Following up on the College Cuss Controversy.
Mean Reporters Make College President Cry
University of Colorado President Betsy Hoffman started to cry this week when reporters at a finance and budget conference tried to question her about saying a derogatory term, THE C WORD, could in fact, be a term of endearment.
The CU president, a medieval scholar, told the Herald that she was thinking back to the 14th century poet Geoffrey Chaucer.
According to the newspaper, Hoffman said, “I was immediately sorry.” She said that the lawyer “kept pushing me. He was very nasty.”
“I knew as soon as I said it that it would come out in the papers,” Hoffman told the Herald. “I should have said, ‘Read Chaucer’s The Miller’s Tale. ”
About that time, Hoffman began to cry.
As I pointed out in the first article, the dreaded “C-word” is a curse word even in the Miller’s Tale. And that was not an apology, as she was sorry she got flustered, not that she thought she was wrong.
It sort of amazes me that a reasonably asked question by a reporter upsets her, but a vicious verbal assault on a women, in conjunction with sexual misconduct doesn’t seem to bother her enough to condemn it in court.
The flap over the deposition drew a full range of reaction from CU regents and one of the commissioners who recently investigated CU’s athletic department.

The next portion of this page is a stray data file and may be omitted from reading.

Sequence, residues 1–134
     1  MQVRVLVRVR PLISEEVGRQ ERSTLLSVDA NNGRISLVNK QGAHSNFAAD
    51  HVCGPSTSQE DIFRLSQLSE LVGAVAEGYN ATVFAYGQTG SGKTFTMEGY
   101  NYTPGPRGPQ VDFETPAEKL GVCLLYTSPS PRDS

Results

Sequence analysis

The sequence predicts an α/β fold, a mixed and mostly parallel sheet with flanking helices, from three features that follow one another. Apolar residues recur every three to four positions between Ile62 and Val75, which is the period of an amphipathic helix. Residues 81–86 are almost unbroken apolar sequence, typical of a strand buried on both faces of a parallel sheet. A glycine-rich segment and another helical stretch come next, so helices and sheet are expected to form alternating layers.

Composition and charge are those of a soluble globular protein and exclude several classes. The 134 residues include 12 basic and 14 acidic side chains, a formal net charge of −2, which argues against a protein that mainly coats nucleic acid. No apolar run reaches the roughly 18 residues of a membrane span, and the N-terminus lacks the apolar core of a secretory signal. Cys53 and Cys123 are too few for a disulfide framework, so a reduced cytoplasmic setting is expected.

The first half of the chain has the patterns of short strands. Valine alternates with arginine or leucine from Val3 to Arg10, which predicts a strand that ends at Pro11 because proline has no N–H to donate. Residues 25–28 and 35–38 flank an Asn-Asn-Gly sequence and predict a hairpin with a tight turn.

Commissioner Jacqueline St. Joan said she felt Hoffman “put her foot in her mouth,” with her remarks on the C-word.
“I see it as a combination of siege mentality and academic myopia about the real world,” St. Joan said.
I think that is an excellent way of describing what happened. She got in over her head, panicked and fired off a boner. Er. What I meant to say was that her remark was not well thought out and made her seem unsympathetic. Whew.
Regent Jim Martin said he understood the context of Hoffman’s remarks and the reference to Chaucer but added that he found Hoffman’s reply “totally inappropriate.”
“That is a vulgar word. She could have just admitted that,” Martin said. “To dig in her heels only further tarnishes the reputation of this university.”
See folks, Jim got it exactly right. Perhaps CU is not in such bad hands after all.
Now I’m going to let President Hoffman think about what she said, and let her decide to use the proper word–sorry.